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Encyclopedia > Express trust
The law of wills and trusts
Part of the common law series
Inheritance
Intestacy  · Testator  · Probate
Power of appointment
Simultaneous death  · Slayer rule
Disclaimer of interest
Types of will
Holographic will  · Will contract
Living will
Joint wills and mutual wills
Parts of a will
Codicil  · Attestation clause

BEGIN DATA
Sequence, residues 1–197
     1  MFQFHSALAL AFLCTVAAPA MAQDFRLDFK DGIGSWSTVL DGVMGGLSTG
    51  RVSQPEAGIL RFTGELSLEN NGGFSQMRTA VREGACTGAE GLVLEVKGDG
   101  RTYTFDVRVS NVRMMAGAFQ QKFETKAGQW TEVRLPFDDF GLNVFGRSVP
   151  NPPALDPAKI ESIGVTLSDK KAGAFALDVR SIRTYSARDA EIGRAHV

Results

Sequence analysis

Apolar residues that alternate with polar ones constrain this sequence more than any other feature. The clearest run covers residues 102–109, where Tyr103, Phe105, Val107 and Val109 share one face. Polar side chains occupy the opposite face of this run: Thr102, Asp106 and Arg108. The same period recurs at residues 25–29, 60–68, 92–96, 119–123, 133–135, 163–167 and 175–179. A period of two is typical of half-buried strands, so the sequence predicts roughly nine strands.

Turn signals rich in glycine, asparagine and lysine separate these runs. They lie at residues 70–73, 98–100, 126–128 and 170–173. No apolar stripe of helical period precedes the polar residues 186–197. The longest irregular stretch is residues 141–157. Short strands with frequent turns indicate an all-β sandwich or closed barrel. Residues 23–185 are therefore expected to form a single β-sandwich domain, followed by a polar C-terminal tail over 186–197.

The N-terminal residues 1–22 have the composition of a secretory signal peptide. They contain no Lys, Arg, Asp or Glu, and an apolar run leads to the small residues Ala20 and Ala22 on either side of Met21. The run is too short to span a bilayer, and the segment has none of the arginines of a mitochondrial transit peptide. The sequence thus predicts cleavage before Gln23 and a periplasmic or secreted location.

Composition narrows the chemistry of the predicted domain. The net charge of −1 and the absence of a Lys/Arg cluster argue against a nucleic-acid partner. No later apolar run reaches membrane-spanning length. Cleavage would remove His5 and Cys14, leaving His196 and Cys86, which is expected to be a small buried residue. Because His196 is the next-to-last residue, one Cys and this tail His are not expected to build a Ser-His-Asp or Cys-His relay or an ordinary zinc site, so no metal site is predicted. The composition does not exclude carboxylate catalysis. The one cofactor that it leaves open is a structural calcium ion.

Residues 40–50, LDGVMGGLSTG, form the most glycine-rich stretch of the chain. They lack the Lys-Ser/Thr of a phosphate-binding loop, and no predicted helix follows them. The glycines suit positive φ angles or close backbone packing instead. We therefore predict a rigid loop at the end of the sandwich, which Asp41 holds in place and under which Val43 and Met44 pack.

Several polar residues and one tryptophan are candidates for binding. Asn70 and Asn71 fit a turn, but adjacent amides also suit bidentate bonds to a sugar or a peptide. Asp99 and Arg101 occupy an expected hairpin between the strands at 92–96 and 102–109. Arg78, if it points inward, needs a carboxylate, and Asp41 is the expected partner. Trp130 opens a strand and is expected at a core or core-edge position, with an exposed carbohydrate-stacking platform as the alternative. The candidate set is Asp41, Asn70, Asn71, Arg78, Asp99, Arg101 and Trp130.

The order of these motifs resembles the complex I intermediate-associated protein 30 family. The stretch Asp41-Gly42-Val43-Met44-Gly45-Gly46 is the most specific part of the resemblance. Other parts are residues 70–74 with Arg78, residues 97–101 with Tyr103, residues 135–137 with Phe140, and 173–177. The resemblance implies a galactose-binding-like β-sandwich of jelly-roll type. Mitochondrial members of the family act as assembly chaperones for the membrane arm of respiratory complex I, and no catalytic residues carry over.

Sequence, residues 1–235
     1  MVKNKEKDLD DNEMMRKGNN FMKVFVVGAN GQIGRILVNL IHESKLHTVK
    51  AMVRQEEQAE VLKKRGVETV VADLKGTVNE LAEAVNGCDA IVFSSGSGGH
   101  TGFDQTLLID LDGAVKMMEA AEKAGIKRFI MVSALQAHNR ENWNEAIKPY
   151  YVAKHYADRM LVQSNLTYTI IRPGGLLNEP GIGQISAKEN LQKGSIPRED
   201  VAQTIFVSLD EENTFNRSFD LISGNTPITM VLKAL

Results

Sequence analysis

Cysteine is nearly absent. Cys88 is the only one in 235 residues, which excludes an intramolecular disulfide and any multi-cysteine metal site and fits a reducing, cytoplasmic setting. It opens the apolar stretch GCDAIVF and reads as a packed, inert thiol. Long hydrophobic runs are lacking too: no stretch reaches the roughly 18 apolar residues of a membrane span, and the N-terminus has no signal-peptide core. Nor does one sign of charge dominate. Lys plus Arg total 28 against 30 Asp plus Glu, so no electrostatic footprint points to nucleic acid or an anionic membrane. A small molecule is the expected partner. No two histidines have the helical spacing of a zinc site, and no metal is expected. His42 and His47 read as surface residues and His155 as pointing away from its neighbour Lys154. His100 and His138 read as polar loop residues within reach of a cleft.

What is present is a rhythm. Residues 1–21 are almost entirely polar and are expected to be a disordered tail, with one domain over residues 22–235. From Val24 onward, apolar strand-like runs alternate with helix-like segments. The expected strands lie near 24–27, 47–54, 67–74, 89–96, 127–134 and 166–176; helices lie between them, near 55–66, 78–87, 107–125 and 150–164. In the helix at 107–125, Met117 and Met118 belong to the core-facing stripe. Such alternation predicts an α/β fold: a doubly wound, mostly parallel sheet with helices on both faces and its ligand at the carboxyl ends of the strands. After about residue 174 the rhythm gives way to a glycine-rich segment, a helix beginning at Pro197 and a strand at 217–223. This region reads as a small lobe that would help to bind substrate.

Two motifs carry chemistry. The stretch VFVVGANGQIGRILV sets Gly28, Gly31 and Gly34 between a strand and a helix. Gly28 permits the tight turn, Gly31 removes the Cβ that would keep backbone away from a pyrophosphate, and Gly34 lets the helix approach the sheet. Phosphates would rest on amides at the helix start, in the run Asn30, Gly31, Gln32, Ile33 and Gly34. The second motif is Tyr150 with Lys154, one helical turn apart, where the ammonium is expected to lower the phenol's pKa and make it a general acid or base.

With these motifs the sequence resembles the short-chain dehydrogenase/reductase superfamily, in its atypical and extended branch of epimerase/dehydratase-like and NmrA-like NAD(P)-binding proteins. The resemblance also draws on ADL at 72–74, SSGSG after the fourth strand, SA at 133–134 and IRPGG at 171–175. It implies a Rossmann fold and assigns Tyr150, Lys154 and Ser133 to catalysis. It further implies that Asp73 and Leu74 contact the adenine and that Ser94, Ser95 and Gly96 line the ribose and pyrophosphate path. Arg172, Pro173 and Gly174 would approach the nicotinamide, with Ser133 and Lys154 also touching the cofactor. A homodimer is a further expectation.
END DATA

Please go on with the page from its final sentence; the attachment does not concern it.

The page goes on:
Incorporation by reference
Residuary clause
Problems of property disposition
Lapse and anti-lapse
Ademption  · Abatement
Acts of independent significance
Elective share  · Pretermitted heir
Contesting a will
Testamentary capacity
Undue influence
Types of Trusts
Express trust  · Asset-protection trust
Protective trust  · Spendthrift trust
Charitable trust  · Honorary trust
Resulting trust  · Constructive trust
Special needs trust: (general)/(U.S.)
Doctrines governing trusts
Pour-over will  · Cy pres doctrine
Other areas of the common law
Contract law  · Tort law  · Property law
Criminal law  · Evidence